Dog poop overloading Coquitlam, B.C. park garbage cans

Dog poop is creating a stink in Coquitlam, B.C., where city staff worry the trash bins in parks are being overloaded with bags of excrement.

Composting or sewage treatment options presented to council as park bins overflowing

A stock image shows "Molly Dog" taking a rest beside a garbage bin. The city of Coquitlam, B.C. is mulling creating separate bins in parks for dog waste. (Stuart Richards/Flickr)

Dog poop is creating a stink in Coquitlam, B.C., where city staff worry the trash bins in parks are being overloaded with bags of excrement.

City staff did an audit of the trash cans in public parks and found that in about half of them dog waste was the main component.

"That, in some ways, proves that people are being responsible, but what it does is present the city with a challenge," parks manager Kathleen Reinheimer told The Early Edition's Rick Cluff.

"We shouldn't be delivering that to a transfer station where dog waste is more than five or 10 per cent of the load."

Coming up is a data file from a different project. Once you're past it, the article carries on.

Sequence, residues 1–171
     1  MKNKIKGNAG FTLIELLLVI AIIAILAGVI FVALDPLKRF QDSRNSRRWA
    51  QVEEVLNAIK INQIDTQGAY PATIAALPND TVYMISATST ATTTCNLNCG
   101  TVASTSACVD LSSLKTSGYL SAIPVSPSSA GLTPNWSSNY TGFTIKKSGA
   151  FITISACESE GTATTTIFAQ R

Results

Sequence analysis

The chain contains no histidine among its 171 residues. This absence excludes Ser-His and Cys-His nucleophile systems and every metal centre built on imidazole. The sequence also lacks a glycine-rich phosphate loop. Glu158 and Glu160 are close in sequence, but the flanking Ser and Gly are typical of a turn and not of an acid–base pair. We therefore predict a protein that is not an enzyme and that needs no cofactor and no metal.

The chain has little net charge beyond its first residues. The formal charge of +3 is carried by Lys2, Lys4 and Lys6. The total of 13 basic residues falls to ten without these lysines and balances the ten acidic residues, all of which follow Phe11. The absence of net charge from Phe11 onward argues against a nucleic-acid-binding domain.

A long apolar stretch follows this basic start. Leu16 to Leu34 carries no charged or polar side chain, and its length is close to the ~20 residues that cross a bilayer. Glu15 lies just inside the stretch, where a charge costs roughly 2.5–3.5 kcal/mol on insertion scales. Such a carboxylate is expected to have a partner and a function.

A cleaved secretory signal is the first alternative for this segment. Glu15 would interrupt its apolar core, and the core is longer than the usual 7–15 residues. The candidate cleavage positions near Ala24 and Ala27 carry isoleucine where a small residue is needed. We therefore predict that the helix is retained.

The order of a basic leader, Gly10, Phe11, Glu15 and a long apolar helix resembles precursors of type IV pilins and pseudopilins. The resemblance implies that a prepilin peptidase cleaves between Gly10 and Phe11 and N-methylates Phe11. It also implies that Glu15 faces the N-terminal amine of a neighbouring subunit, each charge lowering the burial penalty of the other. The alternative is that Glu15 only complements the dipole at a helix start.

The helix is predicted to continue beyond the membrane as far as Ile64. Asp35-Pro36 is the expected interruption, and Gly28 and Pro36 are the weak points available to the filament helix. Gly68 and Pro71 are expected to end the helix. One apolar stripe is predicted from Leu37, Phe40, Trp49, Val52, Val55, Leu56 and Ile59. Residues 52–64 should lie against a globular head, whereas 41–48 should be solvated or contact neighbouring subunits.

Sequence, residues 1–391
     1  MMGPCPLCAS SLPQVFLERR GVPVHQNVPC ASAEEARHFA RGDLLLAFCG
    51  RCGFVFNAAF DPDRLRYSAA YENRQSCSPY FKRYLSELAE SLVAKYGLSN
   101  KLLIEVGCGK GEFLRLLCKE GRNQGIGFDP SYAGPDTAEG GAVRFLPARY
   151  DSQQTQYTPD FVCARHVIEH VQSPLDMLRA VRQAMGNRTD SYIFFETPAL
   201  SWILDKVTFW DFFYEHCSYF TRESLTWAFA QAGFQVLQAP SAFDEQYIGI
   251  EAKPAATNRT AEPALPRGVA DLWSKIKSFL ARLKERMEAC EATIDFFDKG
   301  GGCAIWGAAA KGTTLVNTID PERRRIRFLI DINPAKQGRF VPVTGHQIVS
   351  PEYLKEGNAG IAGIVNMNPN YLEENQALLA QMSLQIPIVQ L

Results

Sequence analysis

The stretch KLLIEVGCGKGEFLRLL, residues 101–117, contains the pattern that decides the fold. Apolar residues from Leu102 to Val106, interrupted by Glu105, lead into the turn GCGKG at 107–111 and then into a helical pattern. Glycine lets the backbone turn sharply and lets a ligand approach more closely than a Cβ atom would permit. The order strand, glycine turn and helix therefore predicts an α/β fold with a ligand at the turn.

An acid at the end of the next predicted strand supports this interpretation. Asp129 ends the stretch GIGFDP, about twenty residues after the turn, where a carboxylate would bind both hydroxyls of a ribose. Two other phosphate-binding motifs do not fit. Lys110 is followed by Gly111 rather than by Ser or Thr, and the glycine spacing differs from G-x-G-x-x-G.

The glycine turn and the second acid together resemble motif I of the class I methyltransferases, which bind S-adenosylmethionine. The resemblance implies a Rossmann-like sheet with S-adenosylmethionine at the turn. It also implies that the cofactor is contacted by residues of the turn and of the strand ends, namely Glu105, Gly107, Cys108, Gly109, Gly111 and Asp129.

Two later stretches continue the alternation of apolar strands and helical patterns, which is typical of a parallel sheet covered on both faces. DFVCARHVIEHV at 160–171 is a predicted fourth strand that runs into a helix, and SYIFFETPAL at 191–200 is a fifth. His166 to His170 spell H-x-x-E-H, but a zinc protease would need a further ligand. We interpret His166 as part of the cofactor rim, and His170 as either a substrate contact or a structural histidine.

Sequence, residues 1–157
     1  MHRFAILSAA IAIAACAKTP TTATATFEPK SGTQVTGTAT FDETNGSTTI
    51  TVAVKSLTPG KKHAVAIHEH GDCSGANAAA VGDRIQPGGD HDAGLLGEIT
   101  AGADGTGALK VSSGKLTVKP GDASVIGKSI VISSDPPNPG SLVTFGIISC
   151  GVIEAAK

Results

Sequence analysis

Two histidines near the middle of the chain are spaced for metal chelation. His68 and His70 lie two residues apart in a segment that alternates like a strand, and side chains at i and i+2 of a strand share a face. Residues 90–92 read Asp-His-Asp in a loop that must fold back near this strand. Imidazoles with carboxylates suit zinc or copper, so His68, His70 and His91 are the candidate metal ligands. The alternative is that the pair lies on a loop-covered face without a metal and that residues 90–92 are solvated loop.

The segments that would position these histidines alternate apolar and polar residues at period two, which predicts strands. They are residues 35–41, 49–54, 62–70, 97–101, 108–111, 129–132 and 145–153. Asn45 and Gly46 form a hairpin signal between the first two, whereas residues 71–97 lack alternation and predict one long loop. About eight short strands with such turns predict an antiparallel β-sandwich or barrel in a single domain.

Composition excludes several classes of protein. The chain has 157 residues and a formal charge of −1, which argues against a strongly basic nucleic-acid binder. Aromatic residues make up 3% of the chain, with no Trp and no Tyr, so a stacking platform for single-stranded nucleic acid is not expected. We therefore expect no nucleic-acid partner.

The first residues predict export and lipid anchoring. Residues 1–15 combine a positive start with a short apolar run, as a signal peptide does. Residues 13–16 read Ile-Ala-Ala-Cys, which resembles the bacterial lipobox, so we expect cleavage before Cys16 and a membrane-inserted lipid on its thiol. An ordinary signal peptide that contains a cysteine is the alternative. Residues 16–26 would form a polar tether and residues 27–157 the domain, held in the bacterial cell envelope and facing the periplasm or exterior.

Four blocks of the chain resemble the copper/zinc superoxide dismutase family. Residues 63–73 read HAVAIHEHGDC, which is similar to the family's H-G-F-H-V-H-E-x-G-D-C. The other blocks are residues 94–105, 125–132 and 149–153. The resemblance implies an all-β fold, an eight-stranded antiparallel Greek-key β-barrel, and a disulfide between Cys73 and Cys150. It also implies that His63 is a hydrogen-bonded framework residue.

While pet waste is officially prohibited from Metro Vancouver's landfills, the regional body states online that small amounts are accepted in household garbage and that there is no ban on disposing of dog waste in a park trash can.

Instead, it suggests flushing or composting the poop in your own backyard.

What do you do with dog poo?

Coquitlam city staff have asked council for separate bins for dog waste in the parks — which would then be taken to the sewage treatment facility, or composted.

"We're going to have to find a way to comply with the regulations than currently just hoping we don't get fined at the transfer station," said Reinheimer.

Reinheimer doubts Coquitlam is the only municipality to be grappling with this problem.

To hear the full interview with Kathleen Reinheimer, listen to the audio labelled: Dog poop clogs Coquitlam park garbage cans.

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